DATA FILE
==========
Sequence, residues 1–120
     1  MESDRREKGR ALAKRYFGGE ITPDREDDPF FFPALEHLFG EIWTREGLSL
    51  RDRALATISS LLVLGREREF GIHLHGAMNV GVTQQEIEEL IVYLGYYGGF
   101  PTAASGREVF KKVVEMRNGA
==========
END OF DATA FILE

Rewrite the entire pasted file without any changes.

Sequence, residues 1–120
     1  MESDRREKGR ALAKRYFGGE ITPDREDDPF FFPALEHLFG EIWTREGLSL
    51  RDRALATISS LLVLGREREF GIHLHGAMNV GVTQQEIEEL IVYLGYYGGF
   101  PTAASGREVF KKVVEMRNGA